The chance to learn came when war broke out afresh among rival tribes. Arrows flew past his windows. People died outside his door as violence and revenge flared up continuously. To no avail, Don pleaded with the Sawi to make peace. But since they saw treachery as a virtue, no peace talks could be started; no one could trust anybody.
With unending carnage going on around, Don eventually threatened to leave the tribe. He would take his family and all the help he offered.
The tribe was upset. They had grown to love their Tuans and needed the medicines and tools. They thought of losing their prized missionary was too much to bear.
On the plate where little Greg Colon had left cookies and milk for Santa on Christmas Eve were empty syringes on Christmas morning, evidence that his dad had abused drugs — again.
The embittering experience of substance abusing, absentee parents pushed Greg into copying the cool, law-breaking kids in his New York neighborhood. When he dropped out of high school, he opened a barber shop as a front for trafficking drugs.
“I loved the way I was living, I loved what it could do for me. I loved how it made me feel,” Greg says on a CBN video. “It was all about me. It was about money; it was about greed and it was about self-indulgence.”
Greg Colon’s dad, a stone-hearted drug addict, was rarely home. His mom died of alcoholism.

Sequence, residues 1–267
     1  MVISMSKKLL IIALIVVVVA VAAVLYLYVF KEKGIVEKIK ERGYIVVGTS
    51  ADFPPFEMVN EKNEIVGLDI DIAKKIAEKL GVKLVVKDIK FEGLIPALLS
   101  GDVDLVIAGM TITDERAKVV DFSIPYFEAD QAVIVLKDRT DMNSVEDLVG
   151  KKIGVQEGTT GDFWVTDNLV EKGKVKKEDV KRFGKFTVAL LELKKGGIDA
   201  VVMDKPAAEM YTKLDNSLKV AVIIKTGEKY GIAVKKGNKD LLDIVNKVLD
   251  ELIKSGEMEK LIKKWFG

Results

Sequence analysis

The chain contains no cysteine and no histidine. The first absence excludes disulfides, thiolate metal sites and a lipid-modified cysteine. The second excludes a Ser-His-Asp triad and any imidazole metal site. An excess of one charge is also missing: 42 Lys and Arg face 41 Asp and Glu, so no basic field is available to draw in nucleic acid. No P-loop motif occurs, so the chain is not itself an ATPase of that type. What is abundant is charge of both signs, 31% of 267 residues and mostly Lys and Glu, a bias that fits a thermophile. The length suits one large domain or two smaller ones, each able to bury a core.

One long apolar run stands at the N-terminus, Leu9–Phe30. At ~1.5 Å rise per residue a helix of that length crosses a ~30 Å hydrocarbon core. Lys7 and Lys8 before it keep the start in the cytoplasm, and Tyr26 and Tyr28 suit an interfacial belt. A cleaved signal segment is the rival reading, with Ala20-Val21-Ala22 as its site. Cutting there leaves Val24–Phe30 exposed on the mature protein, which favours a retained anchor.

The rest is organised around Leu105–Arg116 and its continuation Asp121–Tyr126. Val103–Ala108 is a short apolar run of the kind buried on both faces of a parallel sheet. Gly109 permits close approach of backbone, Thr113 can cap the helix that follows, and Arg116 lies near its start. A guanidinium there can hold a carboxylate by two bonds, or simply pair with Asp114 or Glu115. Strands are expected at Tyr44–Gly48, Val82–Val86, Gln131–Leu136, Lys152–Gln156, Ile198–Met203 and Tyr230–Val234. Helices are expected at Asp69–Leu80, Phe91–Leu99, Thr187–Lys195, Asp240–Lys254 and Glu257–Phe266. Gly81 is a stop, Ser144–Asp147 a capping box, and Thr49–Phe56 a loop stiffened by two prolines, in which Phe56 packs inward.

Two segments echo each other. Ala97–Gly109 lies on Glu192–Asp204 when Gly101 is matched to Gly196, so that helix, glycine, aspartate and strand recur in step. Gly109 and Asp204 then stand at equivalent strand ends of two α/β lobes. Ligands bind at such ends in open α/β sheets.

At age 9, Greg moved in with his grandparents, who offered him precious little in terms of material things but gave him and his brother love. But the lack of acceptance from his parents’ neglect left him with a hole in his heart that he tried to fill with worldly possessions.
“What attracted me were the more violent kids, kids who always had the nice sneakers, the nice clothes,” he confesses.
When his grandfather died, Greg, at age 12, lost his own compass in life.
“He was somebody who really got me as a kid and actually cared for me,” Greg remembers. “Then he was gone. I was just empty inside.”
With no positive role models in his life, Greg fell into running the streets and selling drugs. At age 15, he dropped out of high school.
The one bright spot was when he was 15 and his dad, who tried to reform, gave him a professional barber’s clippers. Cutting hair was something Greg enjoyed.
“In my heart it meant the world,” Greg says. “It was like a real good pair like a professional pair of clippers.”
As so often happens, Jason Rangel became the father he hated.
As a child, he once even called the cops on his drug-addicted, violent father.
“I seen my dad not in his right mind. I was scared,” he remembers on a 700 Club video. “My dad was in jail when I was going through puberty. I remember not having him there when I needed him.”